Three U of T students will be headed to the august halls of Oxford University next fall, after being named Rhodes Scholars for 2013. The prestigious postgraduate scholarships are given to outstanding all-round students – and, this year, U of T is the only Canadian university with more than one Rhodes Scholar. The recipients are Joanne Cave, who majors in women and gender studies and sociology, Connor Emdin, a biochemistry and global health undergrad, and Ayodele Odutayo, who studies medicine. “U of T consistently produces outstanding young people who meet the demanding criteria laid out by Cecil Rhodes: intellect, character and a publicly spirited commitment to service,” says Krista Slade, director of development at the Rhodes House in Oxford, England. “Leadership defines Rhodes Scholars and clearly Joanne, Ayodele and Connor are exceptional.”
At the age of 12, Joanne Cave wanted to help girls develop self-esteem and take action in their communities – so she founded Ophelia’s Voice, a girls’ leadership organization. Since then, Cave has won a Governor General’s Award for her work for women and girls’ equality, and has interned with a women’s microfinance NGO in India. “A feminist perspective is often not thought to be strongly represented at institutions like Oxford,” says Cave, who attends Woodsworth College. “I’m proud to offer that perspective – especially since some colleges at Oxford did not allow women until 40 years ago.”
At Oxford, Cave hopes to earn a master’s in comparative social policy. She would like to work as a government policy analyst, or for a think-tank interested in social sector innovation. “I also haven’t written off running for public office one day – I just find politics too exciting,” says Cave.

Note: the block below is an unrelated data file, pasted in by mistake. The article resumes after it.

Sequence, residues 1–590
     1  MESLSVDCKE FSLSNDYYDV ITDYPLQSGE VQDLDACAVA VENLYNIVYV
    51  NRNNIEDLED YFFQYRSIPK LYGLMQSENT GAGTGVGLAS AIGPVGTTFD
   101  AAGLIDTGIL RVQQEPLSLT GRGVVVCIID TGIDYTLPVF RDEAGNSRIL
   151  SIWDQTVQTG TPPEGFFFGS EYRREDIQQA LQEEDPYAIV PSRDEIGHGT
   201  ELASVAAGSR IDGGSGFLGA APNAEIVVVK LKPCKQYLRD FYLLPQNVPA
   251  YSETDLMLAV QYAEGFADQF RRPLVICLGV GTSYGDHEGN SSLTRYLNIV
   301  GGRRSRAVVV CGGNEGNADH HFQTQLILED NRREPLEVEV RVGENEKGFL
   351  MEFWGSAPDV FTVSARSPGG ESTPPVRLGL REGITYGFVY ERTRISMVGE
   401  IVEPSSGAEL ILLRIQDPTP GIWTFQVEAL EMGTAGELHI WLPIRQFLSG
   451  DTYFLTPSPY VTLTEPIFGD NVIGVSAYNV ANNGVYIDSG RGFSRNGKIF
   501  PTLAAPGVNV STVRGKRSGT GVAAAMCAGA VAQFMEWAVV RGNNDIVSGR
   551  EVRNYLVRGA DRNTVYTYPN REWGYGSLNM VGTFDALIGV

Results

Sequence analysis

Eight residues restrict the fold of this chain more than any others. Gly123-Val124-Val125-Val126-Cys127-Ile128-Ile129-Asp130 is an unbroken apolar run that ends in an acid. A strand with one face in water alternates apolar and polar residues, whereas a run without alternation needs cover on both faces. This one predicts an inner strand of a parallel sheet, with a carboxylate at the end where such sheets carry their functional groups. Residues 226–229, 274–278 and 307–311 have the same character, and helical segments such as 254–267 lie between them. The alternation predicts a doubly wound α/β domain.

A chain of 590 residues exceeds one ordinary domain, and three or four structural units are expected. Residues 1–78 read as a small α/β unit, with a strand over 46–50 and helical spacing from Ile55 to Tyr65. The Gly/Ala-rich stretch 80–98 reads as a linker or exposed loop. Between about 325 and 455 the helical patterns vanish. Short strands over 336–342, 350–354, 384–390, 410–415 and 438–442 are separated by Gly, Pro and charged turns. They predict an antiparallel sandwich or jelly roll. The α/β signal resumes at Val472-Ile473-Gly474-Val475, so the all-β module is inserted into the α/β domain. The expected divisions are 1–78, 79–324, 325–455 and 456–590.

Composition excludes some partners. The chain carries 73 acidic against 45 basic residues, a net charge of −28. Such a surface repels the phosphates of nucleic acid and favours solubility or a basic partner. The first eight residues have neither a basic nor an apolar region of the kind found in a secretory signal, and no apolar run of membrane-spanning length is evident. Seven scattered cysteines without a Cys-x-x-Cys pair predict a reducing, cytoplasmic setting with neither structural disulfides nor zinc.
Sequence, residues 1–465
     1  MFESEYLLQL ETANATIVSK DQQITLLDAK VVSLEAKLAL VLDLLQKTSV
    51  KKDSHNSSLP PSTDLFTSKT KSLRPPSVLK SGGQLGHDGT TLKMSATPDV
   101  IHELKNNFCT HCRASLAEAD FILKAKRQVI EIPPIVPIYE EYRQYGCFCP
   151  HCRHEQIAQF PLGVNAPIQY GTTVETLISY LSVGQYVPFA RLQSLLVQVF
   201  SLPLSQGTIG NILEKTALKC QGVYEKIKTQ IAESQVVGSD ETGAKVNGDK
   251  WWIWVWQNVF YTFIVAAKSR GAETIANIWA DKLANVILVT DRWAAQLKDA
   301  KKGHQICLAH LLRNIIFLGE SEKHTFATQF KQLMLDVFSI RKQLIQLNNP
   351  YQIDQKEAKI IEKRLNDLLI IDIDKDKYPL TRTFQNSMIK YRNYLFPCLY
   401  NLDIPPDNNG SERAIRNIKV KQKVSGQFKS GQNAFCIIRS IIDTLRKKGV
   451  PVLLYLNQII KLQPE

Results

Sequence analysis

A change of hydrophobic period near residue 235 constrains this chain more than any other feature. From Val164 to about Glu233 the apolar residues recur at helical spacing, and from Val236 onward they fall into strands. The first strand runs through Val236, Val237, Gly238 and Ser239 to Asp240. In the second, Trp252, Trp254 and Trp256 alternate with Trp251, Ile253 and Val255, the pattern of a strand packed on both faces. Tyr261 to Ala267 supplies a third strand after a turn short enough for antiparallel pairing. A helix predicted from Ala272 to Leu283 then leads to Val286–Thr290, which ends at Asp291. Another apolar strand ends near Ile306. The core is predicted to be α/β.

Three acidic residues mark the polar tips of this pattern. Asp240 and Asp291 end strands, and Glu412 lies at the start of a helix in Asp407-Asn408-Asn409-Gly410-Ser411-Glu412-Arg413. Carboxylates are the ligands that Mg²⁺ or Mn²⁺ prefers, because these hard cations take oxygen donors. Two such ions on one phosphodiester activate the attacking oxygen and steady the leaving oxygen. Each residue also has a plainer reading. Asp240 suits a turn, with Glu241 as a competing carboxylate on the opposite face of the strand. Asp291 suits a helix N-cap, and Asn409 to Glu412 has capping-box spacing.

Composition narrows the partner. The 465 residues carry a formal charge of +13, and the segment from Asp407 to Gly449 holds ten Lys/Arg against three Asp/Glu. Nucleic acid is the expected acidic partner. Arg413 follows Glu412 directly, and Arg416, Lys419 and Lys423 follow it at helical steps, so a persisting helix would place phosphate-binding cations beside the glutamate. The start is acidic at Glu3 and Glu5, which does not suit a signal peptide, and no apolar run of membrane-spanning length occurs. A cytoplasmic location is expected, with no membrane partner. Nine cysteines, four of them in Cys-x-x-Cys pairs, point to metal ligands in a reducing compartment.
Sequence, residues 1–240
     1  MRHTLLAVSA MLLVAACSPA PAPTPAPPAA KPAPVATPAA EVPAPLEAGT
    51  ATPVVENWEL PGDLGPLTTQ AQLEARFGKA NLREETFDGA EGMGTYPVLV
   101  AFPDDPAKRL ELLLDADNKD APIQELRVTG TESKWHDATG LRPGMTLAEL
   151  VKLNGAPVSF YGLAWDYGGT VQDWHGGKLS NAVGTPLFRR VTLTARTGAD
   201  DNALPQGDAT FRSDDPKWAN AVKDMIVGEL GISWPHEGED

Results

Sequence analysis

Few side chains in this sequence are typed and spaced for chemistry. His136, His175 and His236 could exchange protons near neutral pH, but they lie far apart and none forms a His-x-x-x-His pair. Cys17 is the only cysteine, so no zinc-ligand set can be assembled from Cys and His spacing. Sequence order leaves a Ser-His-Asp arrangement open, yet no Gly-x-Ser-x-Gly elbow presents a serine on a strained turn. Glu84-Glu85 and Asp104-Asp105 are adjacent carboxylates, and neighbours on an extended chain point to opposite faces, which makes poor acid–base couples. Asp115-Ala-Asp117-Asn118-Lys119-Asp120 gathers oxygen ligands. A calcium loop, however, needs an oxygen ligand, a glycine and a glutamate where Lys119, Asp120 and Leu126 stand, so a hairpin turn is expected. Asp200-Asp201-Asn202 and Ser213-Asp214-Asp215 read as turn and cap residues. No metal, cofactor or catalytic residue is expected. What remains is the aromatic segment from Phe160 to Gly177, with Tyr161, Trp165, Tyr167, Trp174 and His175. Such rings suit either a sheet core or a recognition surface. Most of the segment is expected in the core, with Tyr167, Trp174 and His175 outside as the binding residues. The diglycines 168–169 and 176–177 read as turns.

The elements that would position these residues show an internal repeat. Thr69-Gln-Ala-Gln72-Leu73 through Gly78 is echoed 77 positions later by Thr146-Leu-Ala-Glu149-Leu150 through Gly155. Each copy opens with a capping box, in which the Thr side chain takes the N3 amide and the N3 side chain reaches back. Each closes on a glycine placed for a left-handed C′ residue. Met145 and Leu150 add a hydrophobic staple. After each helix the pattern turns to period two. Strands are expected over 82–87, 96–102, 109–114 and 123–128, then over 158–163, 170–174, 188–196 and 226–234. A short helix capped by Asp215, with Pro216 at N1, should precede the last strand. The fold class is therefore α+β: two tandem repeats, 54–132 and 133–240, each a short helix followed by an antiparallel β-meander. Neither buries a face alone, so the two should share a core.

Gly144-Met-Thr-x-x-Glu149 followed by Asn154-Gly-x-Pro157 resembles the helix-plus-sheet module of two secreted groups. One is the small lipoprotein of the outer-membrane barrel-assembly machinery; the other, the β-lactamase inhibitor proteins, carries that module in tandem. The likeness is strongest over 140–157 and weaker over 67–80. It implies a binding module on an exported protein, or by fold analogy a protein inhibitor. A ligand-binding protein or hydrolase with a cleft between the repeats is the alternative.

One year ago, Connor Emdin headed to sub-Saharan Africa and conducted research that influenced his career path enormously. He worked on a clinical trial that tested whether taking an antiretroviral drug before having sex would inhibit HIV transmission. He also analyzed the results of 50,000 patients who underwent HIV treatment to show that nurses could provide the same quality of HIV care as physicians. “If you believe you can make a valuable contribution to a research project, working to develop drugs or tools or policies for people living in developing countries can be one of the most fulfilling things you can do,” says Emdin, who attends Trinity College.
Now, Emdin would like to examine the relationship between public policy and health outcomes in developing countries through a master’s in development studies at Oxford. One day, he hopes to work as a development specialist for the World Bank or the International Monetary Fund.
Before moving to Brampton, Ontario, the first 12 years of Ayodele Odutayo’s life were divided between Nigeria and the British Virgin Islands. This sparked his interest in improving health care both in Canada and internationally. As a nephrology research trainee at Sunnybrook and former intern with the World Health Organization, he hopes to improve the management of kidney disease locally and abroad.
At Oxford, Odutayo will pursue a master’s degree in epidemiology and health policy. He plans to work as a physician at a tertiary care centre, and eventually take on a leadership role within an academic institution or non-profit organization to contribute to health-care delivery in nephrology. “From managing the precursors of kidney disease to treating patients with chronic kidney disease and end-stage renal disease, nephrology involves the entire spectrum of health care,” he says.